Supreme Court appears poised to block Biden’s vaccine and testing rules for

But in a separate challenge, some justices seemed more open to a vaccine mandate aimed at certain health care workers.

The three liberal justices on the court expressed clear approval for the administration’s rules in both areas.

For the first time, seven of the justices appeared in the majestic chamber wearing masks, though Justice Neil Gorsuch chose not to. Before arguments began, the court announced that Justice Sonia Sotomayor, who suffers from diabetes, would hear arguments remotely from her chambers even though a spokeswoman said she was not ill. Sotomayor sits next to Gorsuch on the bench under normal circumstances.

Two of the lawyers representing states challenging the rules were not present due to Covid protocols. Ohio Solicitor General Benjamin Flowers, who is vaccinated, contracted Covid after Christmas, and has fully recovered, the state’s office said. However, the PCR test required to enter the courtroom detected the virus.

Skeptical of federal rules

Although the justices have been receptive to past attempts by states to mandate vaccines, the new disputes center on federal requirements that raise different legal questions.

Two sets of rules, issued in November, were the subject of Friday’s cases. The first would impact some 80 million individuals and requires large employers to mandate that their employees either get vaccinated or submit to weekly testing. Conservative Justices Samuel Alito, Clarence Thomas and Amy Coney Barrett, suggested that the Biden administration’s rule, issued under an agency’s emergency powers, was too broad.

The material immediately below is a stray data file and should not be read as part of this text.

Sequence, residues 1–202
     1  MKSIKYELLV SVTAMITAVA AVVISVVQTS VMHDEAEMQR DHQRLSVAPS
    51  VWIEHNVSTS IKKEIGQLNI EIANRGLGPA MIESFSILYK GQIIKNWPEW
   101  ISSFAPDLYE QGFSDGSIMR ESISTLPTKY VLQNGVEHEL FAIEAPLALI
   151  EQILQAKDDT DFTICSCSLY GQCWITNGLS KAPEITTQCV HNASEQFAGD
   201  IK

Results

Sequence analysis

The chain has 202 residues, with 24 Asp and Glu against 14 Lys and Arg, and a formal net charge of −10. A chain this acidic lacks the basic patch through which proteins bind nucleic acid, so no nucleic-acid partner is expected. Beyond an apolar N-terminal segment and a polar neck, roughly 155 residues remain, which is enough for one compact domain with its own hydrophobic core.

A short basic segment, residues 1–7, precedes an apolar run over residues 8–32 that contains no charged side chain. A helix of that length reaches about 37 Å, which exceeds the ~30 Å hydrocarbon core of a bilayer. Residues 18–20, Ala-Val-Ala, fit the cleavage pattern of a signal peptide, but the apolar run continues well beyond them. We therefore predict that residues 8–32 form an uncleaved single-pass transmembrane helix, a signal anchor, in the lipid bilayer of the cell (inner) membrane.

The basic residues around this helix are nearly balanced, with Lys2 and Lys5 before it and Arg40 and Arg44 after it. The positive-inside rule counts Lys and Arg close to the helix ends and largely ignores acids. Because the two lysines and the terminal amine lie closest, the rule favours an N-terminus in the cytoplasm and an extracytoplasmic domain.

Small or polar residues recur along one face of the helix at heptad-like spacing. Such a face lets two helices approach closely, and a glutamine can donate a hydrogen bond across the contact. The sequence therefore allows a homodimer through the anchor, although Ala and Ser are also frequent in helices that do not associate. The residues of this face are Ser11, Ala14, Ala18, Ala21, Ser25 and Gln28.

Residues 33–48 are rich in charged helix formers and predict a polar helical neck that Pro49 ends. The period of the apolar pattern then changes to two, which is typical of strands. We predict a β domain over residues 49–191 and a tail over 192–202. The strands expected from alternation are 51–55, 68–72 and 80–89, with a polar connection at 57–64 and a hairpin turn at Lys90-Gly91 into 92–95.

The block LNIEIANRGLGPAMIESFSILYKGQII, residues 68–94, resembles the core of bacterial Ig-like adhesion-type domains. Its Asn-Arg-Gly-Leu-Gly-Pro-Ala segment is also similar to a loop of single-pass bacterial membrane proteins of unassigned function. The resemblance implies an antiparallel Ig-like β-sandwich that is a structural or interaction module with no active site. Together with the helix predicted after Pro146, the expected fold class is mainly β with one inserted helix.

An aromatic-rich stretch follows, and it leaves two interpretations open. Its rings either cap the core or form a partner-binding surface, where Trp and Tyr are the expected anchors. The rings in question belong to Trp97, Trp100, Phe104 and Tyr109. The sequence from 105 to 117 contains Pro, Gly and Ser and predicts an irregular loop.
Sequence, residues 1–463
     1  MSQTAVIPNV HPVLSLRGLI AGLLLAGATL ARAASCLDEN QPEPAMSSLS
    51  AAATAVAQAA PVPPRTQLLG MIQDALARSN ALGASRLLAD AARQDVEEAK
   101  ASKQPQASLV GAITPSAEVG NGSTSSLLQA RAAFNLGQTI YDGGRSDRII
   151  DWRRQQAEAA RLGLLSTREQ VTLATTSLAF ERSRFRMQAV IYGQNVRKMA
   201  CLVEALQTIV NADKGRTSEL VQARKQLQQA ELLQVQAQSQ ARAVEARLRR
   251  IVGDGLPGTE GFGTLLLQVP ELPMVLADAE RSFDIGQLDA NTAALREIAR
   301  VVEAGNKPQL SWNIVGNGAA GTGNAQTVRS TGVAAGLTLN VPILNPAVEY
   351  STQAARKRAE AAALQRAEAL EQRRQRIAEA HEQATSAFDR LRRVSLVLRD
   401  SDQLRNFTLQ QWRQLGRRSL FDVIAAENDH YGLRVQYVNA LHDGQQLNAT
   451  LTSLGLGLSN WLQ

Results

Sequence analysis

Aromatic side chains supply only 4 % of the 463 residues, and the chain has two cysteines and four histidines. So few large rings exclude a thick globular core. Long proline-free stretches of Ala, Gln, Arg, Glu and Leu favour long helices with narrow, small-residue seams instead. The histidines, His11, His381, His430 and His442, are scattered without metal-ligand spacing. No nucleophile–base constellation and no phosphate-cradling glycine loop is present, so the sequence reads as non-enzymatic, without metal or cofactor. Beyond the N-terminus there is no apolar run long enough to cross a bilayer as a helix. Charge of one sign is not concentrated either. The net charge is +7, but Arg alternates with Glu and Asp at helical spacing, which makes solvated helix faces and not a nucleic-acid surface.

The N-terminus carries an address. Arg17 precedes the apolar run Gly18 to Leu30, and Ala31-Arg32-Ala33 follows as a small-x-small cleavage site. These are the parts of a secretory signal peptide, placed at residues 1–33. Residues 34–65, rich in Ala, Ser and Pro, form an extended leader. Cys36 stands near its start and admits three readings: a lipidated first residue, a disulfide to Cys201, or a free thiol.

Sotomayor to appear remotely for Supreme Court hearing on vaccine rules, but is not ill, court says

Barrett asked whether a “more targeted” regulation aimed at industries with a higher risk of transmission, would be more likely to pass legal muster.

Along the same lines, Thomas suggested that younger, unvaccinated workers might have fewer health risks and should not be subject to the same rules as older workers. He also said that states could be better suited than the federal government to require vaccines or testing under their police powers.

Two of President Donald Trump’s nominees, Gorsuch and Brett Kavanaugh, questioned whether a federal agency could issue a regulation with such vast economic and political significance without the clear authorization of Congress. Chief Justice John Roberts seemed to agree on that point by wondering if the government had responded on an “agency by agency” basis, in order to get around the fact that Congress and some states had failed to act.

The second case concerned a regulation that requires certain health care employees who work for facilities that participate in Medicare or Medicaid programs to obtain vaccinations.

In that dispute, more justices seemed receptive to the Biden administration’s authority.

They also questioned if Republican-led states behind the challenge had the legal right to be in court because they only operate some of the facilities. Neither the facilities nor workers challenged the requirement, something Kavanaugh noted during oral arguments.
Former Biden health advisers say the US needs to change its Covid-19 strategy to face a 'new normal'

During both arguments, the liberal justices expressed repeated support for the Biden administration’s authority to…

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